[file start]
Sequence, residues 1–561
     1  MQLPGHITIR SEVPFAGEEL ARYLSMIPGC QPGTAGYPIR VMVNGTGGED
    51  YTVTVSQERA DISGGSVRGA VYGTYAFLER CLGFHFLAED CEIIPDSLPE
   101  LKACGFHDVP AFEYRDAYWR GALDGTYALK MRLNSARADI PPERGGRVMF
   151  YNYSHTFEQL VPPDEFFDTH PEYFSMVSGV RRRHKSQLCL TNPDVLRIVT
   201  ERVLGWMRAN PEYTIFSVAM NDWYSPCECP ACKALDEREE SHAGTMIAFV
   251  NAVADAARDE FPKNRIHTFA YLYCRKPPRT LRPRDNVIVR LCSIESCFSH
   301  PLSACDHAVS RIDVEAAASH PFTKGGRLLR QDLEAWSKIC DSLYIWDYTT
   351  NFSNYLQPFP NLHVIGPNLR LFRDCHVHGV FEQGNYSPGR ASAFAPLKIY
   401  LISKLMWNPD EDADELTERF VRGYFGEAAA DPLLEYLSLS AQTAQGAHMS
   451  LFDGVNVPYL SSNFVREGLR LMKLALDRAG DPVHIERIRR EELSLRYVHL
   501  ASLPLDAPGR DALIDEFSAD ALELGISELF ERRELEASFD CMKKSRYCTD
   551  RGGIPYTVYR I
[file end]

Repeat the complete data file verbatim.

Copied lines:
Sequence, residues 1–561
     1  MQLPGHITIR SEVPFAGEEL ARYLSMIPGC QPGTAGYPIR VMVNGTGGED
    51  YTVTVSQERA DISGGSVRGA VYGTYAFLER CLGFHFLAED CEIIPDSLPE
   101  LKACGFHDVP AFEYRDAYWR GALDGTYALK MRLNSARADI PPERGGRVMF
   151  YNYSHTFEQL VPPDEFFDTH PEYFSMVSGV RRRHKSQLCL TNPDVLRIVT
   201  ERVLGWMRAN PEYTIFSVAM NDWYSPCECP ACKALDEREE SHAGTMIAFV
   251  NAVADAARDE FPKNRIHTFA YLYCRKPPRT LRPRDNVIVR LCSIESCFSH
   301  PLSACDHAVS RIDVEAAASH PFTKGGRLLR QDLEAWSKIC DSLYIWDYTT
   351  NFSNYLQPFP NLHVIGPNLR LFRDCHVHGV FEQGNYSPGR ASAFAPLKIY
   401  LISKLMWNPD EDADELTERF VRGYFGEAAA DPLLEYLSLS AQTAQGAHMS
   451  LFDGVNVPYL SSNFVREGLR LMKLALDRAG DPVHIERIRR EELSLRYVHL
   501  ASLPLDAPGR DALIDEFSAD ALELGISELF ERRELEASFD CMKKSRYCTD
   551  RGGIPYTVYR I